While we have closed on 12 transactions, we have several more in the pipeline. With access to capital generated from our Reg A+ offering, we intend to expedite our strategy further to build our highly protected asset base, while offering investors an opportunity to get in on the ground floor prior to our listing and generating a dividend with a targeted yield of 5.5 percent. We are seeking to raise $30 million through the sale of our common stock and are also pursuing other financing arrangements that will enable us to significantly increase our asset base, as well as adding to our ability to generate fixed-income returns and potential equity returns in the future.
Opportunities are growing
Not all Reg A and A+ deals may be right for the average investor. As with any investment, one should do extensive research before investing, reviewing websites, corporate collaterals, industry and financial research, and most importantly, SEC filings. The SEC filings is where one will find the risk factors listed, strategies unveiled and the investment considerations can be made. Here is also where investors which determine what Reg A deal may be right for them personally.
As I said, in Q2 2017 there were 25 real estate industry tier-two classifications, all of which remain in the qualification stage. Some of these entities are REITs, others are real estate companies and some have real estate holdings but operate in other related industries. Some of these companies are also further along in their capital raising efforts, while others have qualified but have yet to truly bring their story to market. The book has been written, but the next several chapters have yet to be read.
As an attorney, and as it relates to HC Government Realty Trust, I know these things take time. While I may not be on Wall Street, I do have a good sense of what companies are looking to accomplish and what investors of all types should be seeking. As I noted, not every deal will be a home run, but if investors spend time looking at business strategies, growth plans, assets under management, income statements, balance sheets and cash flows, they can make a more informed investment decision. But that’s not all. Companies may do great in the early stages, but to build a successful business for the long term, one must truly assess a company’s value proposition and offering vis-à-vis the competition; the compelling demand for its products, services or solutions; barriers to entry; and, what I believe to be one of the most important factors, strong corporate governance.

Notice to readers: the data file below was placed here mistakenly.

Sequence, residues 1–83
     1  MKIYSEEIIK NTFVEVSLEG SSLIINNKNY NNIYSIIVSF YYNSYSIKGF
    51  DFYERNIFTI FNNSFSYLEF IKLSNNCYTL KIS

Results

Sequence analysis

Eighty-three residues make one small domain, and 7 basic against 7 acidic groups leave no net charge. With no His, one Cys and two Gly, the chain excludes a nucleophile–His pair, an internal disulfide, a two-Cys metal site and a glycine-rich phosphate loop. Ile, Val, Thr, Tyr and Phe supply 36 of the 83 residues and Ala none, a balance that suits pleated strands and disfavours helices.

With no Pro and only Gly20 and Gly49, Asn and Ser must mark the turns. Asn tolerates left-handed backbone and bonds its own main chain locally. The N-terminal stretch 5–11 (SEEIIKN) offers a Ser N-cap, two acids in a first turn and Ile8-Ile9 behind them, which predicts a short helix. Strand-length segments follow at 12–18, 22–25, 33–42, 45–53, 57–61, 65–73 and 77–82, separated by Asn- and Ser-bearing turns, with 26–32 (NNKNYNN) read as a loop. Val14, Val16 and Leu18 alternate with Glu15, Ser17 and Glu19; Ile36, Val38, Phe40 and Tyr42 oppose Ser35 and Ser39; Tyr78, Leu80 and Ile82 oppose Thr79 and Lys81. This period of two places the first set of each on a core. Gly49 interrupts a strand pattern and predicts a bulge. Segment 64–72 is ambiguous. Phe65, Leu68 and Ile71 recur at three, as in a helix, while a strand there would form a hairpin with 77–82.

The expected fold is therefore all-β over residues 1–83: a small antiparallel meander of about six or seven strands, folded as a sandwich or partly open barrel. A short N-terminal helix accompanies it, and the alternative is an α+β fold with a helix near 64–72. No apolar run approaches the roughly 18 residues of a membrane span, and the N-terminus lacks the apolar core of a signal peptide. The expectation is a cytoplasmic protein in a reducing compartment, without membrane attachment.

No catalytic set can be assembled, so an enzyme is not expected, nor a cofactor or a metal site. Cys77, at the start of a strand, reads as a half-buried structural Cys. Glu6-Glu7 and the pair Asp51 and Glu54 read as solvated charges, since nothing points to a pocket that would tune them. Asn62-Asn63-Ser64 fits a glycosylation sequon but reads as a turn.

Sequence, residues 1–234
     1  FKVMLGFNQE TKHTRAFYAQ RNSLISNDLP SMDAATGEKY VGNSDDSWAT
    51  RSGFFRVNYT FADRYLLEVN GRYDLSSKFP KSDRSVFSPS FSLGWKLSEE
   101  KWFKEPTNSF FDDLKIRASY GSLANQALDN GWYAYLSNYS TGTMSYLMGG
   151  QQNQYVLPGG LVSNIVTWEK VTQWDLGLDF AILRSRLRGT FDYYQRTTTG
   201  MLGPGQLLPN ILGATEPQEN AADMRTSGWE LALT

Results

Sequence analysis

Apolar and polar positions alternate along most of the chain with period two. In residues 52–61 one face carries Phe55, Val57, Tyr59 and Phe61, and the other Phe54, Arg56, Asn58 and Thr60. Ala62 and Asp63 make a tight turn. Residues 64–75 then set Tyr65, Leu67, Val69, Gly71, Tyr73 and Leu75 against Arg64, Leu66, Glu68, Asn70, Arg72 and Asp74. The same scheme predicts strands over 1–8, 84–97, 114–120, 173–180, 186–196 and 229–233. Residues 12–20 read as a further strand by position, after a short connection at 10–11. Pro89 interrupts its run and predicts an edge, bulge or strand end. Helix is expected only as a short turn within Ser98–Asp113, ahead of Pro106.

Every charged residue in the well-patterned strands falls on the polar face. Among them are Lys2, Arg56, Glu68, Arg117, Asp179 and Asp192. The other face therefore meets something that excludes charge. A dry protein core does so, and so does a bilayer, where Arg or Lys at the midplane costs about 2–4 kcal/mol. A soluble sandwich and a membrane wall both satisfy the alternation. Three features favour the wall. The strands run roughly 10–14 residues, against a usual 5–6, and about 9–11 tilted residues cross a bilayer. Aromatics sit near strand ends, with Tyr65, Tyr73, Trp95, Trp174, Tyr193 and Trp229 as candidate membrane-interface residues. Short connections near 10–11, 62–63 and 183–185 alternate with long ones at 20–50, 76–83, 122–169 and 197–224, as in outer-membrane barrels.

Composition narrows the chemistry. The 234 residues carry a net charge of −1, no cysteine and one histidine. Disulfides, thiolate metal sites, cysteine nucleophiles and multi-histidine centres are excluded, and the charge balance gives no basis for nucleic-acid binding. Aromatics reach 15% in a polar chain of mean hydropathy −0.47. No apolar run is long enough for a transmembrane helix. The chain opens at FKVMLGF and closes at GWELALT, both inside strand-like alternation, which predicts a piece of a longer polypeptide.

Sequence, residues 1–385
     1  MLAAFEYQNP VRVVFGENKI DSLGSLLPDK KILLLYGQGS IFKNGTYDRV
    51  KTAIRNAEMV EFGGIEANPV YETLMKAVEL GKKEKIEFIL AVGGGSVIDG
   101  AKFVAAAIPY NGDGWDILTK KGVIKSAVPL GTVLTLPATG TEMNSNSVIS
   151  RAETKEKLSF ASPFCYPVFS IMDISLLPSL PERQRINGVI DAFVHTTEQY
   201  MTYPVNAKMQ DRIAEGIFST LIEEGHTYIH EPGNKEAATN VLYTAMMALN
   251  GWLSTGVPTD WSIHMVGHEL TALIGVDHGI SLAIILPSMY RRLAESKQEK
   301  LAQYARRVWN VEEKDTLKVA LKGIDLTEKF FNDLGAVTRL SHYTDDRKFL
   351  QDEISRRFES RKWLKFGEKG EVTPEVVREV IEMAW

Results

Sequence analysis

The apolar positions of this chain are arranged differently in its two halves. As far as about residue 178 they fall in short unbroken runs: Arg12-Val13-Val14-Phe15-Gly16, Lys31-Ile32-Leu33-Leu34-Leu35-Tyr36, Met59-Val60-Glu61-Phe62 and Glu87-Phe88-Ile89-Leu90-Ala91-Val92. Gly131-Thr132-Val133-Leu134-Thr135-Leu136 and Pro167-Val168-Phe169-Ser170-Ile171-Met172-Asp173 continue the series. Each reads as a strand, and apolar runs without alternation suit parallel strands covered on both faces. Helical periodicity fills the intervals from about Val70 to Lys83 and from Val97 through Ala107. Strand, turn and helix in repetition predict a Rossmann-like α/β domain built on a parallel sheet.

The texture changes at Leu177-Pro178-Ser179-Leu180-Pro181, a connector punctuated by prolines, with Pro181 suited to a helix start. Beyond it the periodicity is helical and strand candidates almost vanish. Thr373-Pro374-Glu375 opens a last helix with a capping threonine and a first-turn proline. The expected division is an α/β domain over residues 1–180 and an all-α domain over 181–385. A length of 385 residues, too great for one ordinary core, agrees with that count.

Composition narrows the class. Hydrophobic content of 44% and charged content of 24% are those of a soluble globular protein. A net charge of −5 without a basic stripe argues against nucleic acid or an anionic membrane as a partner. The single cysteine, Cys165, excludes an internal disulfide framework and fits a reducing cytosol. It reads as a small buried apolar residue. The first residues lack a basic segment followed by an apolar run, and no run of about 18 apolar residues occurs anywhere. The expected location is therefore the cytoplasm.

Building successful, sustainable businesses
Once a company lists on an exchange, the qualification process is over, and it’s time to be a true, public entity, which means significant restrictions in communications and a rather lengthy SEC reporting process. Those companies with strong boards and advisors, and those that have set up corporate governance practices well in advance of a potential listing, are often the companies that can weather any storm and that have the processes in place to adhere to their respective fiduciary responsibilities.
At HC Government Realty Trust, we began our journey with this very thought process in mind—creating a world-class team with the knowledge, expertise and relationships to build a sustainable, growing and income-generating business for our shareholders. With a targeted annual dividend of 5.5 percent, real estate assets backed by the full faith and credit of the US, and a team of real estate professionals that have collectively taken part in billions of dollars worth of real estate transactions, we feel confident that we can not only deliver near-term returns, but build a business that will, over time, endure and deliver sustainable value for our stakeholders.